Bonzi Wells: Missed all three of his shots in the first half and did not appear again in the after 7:49 of action.

Melvin Ely: With Chandler not coming out, he did not enter the game until the fourth quarter. Hit a mid-range jumper among five points.

Mike James: His former head coach in Houston, Jeff Van Gundy, thought inserting James into the game at the outset of the fourth quarter might spark the Hornets, down 15 at the time, but the Spurs put it away quickly. James hit a pair of free throws over 12 minutes of PT.

Ryan Bowen: Two points, three rebounds in 8:01 of late-game action.

Game 6 key questions (Hornets lead series 3-2)

The Hornets have a chance to make team history tonight. With a victory, New Orleans would advance to the conference finals for the first time in the 20-year history of the franchise.
A few things to watch for in Game 6 (ESPN is broadcasting, with tip-off at 8 p.m. Central time):

1) Would playing with “house money” be a good thing or a bad thing for the Hornets?
After Game 5, Times-Picayune columnist John DeShazier asked Chris Paul and David West if the team would go into Game 6 with the mentality that it has nothing to lose, because it still has Game 7 at home essentially as a backup plan.

Neither Paul nor West agreed with that line of thinking, but then again, what are they going to say?: “Yeah, it’s no big deal if we lose Game 6, because we’ll just come back here to New Orleans and win Game 7 anyway.” You’re obviously not going to hear that.

Still, I’m curious to see what effect Game 5 will have on the Hornets. I wonder if by responding the way they did Tuesday, they cleared a mental hurdle against the Spurs. Nearly everyone was again questioning the legitimacy of New Orleans after losses in Game 3 and 4, but the Hornets showed that there is little reason for them to be intimidated by the Spurs. I think the best approach tonight would for them to use this as a way to play more relaxed and not overreact to mistakes or if they get behind on the scoreboard early in Game 6.

On the other hand, as Paul and West both said, the Hornets cannot think that it’s no big deal if they lose tonight. As confident as they should be about their chances at home, they don’t want to sit around for the next three days – Game 7 isn’t until Monday – thinking about what could happen against the defending champions in a do-or-die situation.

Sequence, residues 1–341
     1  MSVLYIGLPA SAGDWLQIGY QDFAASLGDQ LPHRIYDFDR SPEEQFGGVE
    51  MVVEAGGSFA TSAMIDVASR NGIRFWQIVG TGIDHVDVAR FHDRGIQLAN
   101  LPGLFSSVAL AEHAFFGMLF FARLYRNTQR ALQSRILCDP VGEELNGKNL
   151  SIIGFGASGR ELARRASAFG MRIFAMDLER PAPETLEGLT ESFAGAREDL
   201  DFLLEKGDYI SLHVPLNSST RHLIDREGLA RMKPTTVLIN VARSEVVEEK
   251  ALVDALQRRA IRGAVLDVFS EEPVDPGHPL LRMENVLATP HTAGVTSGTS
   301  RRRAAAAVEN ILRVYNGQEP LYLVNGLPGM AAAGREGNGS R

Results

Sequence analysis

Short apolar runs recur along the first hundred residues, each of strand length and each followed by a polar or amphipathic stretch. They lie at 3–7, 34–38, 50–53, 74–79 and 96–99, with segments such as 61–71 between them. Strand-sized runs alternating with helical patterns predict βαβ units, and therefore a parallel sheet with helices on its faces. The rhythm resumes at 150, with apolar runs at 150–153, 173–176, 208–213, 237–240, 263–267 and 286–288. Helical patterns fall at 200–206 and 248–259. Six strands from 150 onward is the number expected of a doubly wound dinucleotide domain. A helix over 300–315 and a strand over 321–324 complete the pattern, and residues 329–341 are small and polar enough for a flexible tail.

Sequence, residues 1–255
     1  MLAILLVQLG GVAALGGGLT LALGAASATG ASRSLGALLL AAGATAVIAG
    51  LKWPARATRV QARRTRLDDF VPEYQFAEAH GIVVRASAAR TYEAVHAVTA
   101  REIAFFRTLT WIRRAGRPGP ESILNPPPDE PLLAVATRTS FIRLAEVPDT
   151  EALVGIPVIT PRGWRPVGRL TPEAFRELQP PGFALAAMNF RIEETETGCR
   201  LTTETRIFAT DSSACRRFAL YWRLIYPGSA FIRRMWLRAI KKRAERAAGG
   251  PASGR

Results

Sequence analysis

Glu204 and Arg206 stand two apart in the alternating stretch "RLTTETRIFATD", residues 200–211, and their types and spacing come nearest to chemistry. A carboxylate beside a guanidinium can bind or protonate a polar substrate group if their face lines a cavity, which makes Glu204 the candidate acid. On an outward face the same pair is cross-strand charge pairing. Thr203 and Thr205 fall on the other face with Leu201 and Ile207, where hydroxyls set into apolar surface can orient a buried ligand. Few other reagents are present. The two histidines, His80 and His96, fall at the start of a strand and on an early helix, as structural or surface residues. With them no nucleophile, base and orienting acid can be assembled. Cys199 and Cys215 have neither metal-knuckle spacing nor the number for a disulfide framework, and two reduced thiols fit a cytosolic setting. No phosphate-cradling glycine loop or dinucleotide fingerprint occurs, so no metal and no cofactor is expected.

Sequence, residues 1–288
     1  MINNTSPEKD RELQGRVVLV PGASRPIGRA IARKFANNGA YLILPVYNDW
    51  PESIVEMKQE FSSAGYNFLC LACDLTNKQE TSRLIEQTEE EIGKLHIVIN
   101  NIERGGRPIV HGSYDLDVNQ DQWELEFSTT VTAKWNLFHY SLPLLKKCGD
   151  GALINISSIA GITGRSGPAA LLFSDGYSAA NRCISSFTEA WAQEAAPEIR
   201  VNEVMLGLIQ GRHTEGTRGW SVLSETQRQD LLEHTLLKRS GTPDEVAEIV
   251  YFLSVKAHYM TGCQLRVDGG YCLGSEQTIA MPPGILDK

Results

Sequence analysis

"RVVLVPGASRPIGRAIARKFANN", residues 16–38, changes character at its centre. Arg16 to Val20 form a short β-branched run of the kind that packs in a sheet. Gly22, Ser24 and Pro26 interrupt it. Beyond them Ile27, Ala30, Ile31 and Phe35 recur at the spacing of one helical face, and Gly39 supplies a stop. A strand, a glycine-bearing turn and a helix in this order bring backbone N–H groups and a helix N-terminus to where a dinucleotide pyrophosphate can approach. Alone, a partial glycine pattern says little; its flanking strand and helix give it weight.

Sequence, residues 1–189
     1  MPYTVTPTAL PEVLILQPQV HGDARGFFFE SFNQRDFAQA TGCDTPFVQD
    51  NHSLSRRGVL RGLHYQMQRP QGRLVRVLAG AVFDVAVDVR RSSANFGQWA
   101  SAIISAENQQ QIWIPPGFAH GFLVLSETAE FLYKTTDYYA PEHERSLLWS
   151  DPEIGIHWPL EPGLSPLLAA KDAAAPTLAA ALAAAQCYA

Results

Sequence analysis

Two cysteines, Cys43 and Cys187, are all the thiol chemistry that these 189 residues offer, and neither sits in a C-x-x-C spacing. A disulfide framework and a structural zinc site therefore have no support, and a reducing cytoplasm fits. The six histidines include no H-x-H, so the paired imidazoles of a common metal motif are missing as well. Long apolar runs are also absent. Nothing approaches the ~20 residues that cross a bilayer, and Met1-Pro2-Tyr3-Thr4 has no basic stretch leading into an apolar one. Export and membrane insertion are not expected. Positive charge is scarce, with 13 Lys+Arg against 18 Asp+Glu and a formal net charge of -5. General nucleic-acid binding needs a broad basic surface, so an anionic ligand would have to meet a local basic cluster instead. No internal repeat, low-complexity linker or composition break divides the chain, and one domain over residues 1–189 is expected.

2) Can the Hornets carry over their defensive effectiveness against Tim Duncan?
The Spurs’ All-Star power forward is 12-for-40 from the field in the Big Easy in this series, often off-balance and shooting contested shots over Tyson Chandler. But he's 12-for-24 in the two home games. Duncan has been the barometer for San Antonio’s effectiveness in this series. When he gets rolling, it forces New Orleans to send even more defenders at him, which opens up the perimeter for the Spurs’ shooters.

San Antonio has not shot above 42.5 percent in any road game of this series, but shot 48.2 and 51.3 percent, respectively, in its two home games. New Orleans needs to cut into those numbers drastically to have a chance to win Game 6.

3) Can the Hornets’ role players and shooters provide more help for Paul and West?
Peja Stojakovic has had three straight single-digit scoring games, something that did not happen once in the entire 2007-08 regular season. In fact, he only had TWO straight single-digit games once, and that was way back in November. Meanwhile, Jannero Pargo has been better the past two games, but is only shooting 26 percent in the series. Bonzi Wells’ average of 4.8 points is well below his production. All three Hornets have the potential to break out at some point. Particularly in Game 3, Chris Paul became extra-aggressive on offense after the rest of the club showed it needed that, but it would be huge if he can remain in more of a distributing role unless it’s absolutely necessary.

4) Abbreviated minutes for the New Orleans bench?
With the reserves faltering a bit lately, it wasn’t a huge surprise to see Byron Scott stick almost exclusively with his starters in the second half of Game 5. If you’ve followed the team all season, you remember Scott doing this a lot back in November and December in order to secure wins. With three days off before a potential Game 7, there may be less reason than usual to rest guys tonight, with a chance to eliminate the Spurs. Three Hornets subs played less in Game 5 than they have in any game of the series, including Jannero Pargo (16 minutes), Bonzi Wells (7) and Julian Wright (6).